Why do cuntservatives hate freedom?

  • https://www.nytimes.com/2018/0…artment-prosecutions.html



    Trump Administration Takes Step That Could Threaten Marijuana Legalization Movement


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    The Trump administration will free federal prosecutors to more aggressively prosecute marijuana laws.CreditJim Wilson/The New York Times


    By Charlie Savage and Jack Healy

    Jan. 4, 2018

    WASHINGTON — The Trump administration freed federal prosecutors on Thursday to more aggressively enforce marijuana laws, effectively threatening to undermine the legalization movement that has spread to six states, most recently California.

    In a move that raised doubts about the viability and growth of the burgeoning commercial marijuana industry, Attorney General Jeff Sessions rescinded an Obama-era policy that had discouraged federal prosecutors from bringing charges of marijuana-related crimes in states that have legalized sales of the drug.

    In a statement, Mr. Sessions said the Obama-era guidance undermined “the rule of law” and the Justice Department’s mission to enforce federal statutes.

    “Today’s memo on federal marijuana enforcement simply directs all U.S. attorneys to use previously established prosecutorial principles that provide them all the necessary tools to disrupt criminal organizations, tackle the growing drug crisis, and thwart violent crime across our country,” he said.

    In a briefing with reporters, Justice Department officials refused to say whether they intended for federal prosecutors to carry out a federal crackdown on marijuana dispensaries, or whether the Trump administration was merely creating ambiguity to chill growth of the semi-legal commercial marijuana industry.

    But the move seemed certain to increase the confusion surrounding whether it is legal to sell, buy or possess marijuana in the United States. Federal law has long prohibited those activities, and in 2013, after voters in Colorado and Washington State voted to decriminalize marijuana for recreational use, the Justice Department deliberated about how to handle the resulting disconnect between state and federal law.

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    Ultimately, the Obama administration decided not to sue such states, and the Justice Department issued a policy memo instructing federal prosecutors to de-prioritize marijuana-related prosecutions in those states — except in certain cases, such as when there were sales to children, gang-related activity, or diversions of the product to states where it remained entirely illegal.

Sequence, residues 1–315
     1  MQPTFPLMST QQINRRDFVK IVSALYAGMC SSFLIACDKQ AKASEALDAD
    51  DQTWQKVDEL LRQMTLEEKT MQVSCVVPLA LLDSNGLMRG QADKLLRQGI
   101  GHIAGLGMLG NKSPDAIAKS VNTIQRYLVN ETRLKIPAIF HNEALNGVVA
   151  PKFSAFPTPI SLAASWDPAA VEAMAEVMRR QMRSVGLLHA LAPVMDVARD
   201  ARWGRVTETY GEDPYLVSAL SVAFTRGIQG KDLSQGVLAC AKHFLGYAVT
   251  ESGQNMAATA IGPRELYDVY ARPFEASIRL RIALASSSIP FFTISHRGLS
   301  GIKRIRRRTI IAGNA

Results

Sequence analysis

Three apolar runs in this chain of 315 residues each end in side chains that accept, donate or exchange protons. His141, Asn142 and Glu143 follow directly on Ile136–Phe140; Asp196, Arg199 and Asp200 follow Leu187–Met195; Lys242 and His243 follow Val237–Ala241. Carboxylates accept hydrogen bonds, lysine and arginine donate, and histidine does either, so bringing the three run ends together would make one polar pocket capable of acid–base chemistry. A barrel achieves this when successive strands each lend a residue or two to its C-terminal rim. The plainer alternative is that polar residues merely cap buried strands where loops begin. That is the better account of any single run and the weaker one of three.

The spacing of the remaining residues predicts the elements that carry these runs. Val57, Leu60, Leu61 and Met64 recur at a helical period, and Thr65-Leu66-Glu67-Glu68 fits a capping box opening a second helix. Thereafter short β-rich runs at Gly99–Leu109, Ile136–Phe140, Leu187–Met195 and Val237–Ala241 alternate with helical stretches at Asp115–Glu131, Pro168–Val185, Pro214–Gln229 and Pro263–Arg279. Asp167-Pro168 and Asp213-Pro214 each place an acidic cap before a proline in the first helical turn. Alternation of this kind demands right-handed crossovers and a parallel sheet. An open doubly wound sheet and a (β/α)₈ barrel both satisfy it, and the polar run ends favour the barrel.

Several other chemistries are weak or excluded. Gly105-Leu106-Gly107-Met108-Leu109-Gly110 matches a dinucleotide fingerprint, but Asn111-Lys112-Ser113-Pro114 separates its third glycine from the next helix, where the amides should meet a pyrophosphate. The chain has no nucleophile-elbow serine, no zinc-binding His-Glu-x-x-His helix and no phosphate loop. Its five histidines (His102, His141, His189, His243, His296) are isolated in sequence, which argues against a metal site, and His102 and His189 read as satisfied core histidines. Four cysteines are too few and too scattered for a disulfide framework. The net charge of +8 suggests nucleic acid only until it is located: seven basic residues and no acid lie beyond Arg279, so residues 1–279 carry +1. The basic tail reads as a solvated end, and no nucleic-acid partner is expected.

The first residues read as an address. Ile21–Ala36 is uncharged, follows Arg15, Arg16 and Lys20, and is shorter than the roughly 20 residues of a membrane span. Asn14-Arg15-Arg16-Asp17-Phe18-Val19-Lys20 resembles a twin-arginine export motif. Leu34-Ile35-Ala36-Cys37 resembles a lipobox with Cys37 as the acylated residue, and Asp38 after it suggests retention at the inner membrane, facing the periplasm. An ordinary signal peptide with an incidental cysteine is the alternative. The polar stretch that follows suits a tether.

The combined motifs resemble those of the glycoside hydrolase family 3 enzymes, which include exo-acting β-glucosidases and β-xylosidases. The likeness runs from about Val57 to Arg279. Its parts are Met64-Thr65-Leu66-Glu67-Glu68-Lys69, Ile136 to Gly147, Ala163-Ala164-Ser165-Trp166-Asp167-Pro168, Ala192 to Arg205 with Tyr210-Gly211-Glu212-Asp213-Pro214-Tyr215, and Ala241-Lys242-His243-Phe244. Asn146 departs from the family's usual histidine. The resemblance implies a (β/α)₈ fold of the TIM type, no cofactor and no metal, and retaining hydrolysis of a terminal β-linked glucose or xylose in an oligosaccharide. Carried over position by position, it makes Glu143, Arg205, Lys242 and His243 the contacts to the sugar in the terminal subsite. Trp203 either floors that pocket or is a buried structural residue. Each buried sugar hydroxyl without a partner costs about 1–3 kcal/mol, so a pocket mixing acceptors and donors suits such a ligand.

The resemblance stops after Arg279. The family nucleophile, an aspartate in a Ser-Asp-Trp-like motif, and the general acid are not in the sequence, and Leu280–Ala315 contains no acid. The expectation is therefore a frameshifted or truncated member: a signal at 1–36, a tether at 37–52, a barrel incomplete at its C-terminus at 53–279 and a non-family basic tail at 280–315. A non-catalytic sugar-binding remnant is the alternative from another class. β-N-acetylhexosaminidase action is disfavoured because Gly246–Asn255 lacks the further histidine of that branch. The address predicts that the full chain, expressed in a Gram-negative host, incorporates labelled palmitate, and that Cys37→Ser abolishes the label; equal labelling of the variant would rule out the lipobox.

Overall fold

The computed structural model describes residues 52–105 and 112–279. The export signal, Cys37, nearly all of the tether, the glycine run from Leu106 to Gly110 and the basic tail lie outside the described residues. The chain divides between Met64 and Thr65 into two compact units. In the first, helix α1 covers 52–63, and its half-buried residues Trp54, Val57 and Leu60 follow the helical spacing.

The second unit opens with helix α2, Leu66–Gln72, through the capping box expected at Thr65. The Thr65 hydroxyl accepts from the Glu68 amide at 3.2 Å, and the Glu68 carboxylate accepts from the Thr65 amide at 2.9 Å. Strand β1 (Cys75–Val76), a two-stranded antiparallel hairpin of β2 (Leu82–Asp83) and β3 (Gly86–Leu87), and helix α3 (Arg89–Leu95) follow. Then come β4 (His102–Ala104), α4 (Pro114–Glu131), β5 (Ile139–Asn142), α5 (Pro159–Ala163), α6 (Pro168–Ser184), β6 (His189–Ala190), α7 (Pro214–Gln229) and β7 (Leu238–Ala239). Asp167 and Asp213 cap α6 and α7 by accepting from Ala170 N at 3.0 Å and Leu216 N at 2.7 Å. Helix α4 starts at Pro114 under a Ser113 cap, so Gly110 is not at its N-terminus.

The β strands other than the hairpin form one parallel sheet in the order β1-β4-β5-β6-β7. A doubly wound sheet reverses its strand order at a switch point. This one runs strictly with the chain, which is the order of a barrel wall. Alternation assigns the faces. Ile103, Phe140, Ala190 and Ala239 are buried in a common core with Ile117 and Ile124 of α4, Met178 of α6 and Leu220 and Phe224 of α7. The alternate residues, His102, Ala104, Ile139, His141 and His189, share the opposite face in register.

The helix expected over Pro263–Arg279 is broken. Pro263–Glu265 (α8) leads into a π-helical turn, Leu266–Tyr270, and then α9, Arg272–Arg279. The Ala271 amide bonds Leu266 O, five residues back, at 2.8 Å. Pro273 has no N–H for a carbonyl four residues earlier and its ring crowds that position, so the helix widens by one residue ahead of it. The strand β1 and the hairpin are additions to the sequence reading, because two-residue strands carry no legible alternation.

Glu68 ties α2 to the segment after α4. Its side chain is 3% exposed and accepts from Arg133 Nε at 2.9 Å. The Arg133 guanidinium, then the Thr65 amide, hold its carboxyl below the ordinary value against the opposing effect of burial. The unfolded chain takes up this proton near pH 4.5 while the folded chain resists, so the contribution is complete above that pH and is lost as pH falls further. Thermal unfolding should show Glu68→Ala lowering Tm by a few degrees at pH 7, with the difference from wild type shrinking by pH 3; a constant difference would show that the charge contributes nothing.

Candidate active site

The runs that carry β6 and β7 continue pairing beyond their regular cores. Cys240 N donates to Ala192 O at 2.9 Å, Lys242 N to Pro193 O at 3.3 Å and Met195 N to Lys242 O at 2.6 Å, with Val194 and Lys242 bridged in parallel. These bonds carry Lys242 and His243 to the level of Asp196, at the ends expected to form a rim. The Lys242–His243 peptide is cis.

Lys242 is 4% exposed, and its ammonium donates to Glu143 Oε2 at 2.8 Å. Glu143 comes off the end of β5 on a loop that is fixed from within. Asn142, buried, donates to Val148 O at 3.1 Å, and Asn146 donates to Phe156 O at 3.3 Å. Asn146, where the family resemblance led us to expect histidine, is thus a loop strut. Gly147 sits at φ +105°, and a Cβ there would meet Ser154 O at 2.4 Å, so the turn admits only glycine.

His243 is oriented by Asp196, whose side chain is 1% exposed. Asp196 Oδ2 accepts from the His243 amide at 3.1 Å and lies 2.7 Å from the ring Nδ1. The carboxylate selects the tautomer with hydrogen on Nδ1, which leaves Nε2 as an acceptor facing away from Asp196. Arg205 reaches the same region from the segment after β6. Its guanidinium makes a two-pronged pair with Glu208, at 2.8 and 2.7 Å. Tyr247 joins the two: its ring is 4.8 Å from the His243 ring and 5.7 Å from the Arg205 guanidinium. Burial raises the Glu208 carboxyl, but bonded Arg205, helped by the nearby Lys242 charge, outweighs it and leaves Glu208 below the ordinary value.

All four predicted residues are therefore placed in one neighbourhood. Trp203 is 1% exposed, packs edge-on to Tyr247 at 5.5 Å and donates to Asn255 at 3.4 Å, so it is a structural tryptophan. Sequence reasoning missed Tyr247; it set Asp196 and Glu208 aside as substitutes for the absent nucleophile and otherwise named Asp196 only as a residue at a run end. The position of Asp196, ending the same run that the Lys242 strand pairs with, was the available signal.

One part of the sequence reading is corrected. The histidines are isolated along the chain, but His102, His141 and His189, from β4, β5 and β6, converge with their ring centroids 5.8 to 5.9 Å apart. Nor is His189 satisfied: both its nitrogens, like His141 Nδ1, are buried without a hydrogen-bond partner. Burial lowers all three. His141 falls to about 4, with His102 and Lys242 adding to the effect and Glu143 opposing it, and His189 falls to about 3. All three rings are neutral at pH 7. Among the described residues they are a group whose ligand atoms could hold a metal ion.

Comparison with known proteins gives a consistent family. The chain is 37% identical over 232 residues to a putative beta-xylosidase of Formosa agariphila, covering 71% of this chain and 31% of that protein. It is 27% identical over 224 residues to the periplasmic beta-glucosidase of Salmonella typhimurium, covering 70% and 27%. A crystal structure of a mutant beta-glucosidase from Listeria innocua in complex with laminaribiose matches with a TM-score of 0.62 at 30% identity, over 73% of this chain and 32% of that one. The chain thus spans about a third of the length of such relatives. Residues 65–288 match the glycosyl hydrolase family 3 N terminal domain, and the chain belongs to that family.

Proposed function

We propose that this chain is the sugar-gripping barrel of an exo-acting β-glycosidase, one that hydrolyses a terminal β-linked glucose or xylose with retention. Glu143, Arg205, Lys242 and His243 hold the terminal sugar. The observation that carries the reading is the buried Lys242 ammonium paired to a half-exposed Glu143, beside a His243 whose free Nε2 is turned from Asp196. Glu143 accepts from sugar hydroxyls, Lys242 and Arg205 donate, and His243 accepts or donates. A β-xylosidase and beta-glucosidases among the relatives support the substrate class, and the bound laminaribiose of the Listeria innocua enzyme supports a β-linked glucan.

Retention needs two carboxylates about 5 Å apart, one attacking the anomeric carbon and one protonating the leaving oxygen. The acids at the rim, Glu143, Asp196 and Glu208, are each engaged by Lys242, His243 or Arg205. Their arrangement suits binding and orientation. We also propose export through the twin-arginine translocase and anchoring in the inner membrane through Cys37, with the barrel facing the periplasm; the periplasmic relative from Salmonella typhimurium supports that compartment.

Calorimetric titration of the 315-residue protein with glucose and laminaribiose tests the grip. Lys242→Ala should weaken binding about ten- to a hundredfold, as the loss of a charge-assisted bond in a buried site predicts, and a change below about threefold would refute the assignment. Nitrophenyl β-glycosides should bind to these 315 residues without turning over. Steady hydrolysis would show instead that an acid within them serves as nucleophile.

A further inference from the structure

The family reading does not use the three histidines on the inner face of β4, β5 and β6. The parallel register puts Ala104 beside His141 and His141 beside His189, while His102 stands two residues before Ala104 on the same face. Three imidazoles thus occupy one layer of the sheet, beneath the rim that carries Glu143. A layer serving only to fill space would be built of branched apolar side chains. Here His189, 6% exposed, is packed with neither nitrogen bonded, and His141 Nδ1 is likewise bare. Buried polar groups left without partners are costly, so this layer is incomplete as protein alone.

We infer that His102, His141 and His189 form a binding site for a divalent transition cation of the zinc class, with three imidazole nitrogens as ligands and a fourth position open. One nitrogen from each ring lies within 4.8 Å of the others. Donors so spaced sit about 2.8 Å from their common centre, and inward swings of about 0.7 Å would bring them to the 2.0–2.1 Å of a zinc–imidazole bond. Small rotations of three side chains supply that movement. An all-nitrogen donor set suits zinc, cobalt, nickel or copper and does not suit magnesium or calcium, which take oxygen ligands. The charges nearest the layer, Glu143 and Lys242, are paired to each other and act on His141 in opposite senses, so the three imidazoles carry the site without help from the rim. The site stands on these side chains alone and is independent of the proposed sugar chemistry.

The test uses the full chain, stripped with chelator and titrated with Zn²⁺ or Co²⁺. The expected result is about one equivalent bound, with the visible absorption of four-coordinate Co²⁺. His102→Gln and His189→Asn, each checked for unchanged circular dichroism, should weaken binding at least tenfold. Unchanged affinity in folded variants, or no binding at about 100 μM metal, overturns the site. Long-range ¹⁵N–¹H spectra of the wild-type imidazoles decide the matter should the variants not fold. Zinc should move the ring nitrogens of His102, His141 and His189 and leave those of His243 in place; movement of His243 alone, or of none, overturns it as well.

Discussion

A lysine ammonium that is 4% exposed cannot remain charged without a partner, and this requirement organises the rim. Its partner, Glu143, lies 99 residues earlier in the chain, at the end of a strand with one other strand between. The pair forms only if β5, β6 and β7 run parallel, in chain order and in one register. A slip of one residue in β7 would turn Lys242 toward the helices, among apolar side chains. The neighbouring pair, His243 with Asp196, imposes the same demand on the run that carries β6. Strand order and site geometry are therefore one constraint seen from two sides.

That guidance was known as the “Cole memo” after the then-deputy attorney general who issued it, James Cole.

    The federal government’s hands-off approach allowed a new industry to flourish in states that had decided to legalize and regulate marijuana use and sales for recreational and medical use. In Colorado, one of the first states to broadly legalize the drug for adult use, marijuana sales now top $1 billion each year and thousands of people work in the industry, in jobs ranging from “bud trimmers” to marijuana tour guides for out-of-state visitors.

    Huge grow warehouses sprouted up inside old industrial neighborhoods, and companies that produce marijuana-laced candies, infusions and drinks have large-scale production facilities — all of which may now have a bull’s-eye on their backs.

    “I do expect to see the larger investors and businesses targeted,” said Kevin Sabet, a prominent critic of legalized marijuana and former drug-control policy official in the Obama administration, who praised the step. “I’m not sure whether local mom-and-pop marijuana shops will be affected.”

    California began allowing the sale of recreational marijuana on Monday, joining Colorado, Washington, Oregon, Alaska and Nevada. Massachusetts and possibly Maine are expected to begin sales this year.

    Mr. Sessions was a vocal opponent of marijuana legalization as a United States senator from Alabama. At his confirmation hearing in January, he said he saw some value in how the Obama administration evaluated whether to spend resources on prosecuting marijuana cases in states that had legalized the drug.

    “I won’t commit to never enforcing federal law,” he said, “but absolutely it’s a problem of resources for the federal government.”

    Still, he suggested, there was legitimate criticism that prosecutors may have shied away from potential cases that they should have brought under the exceptions listed in the Cole memo.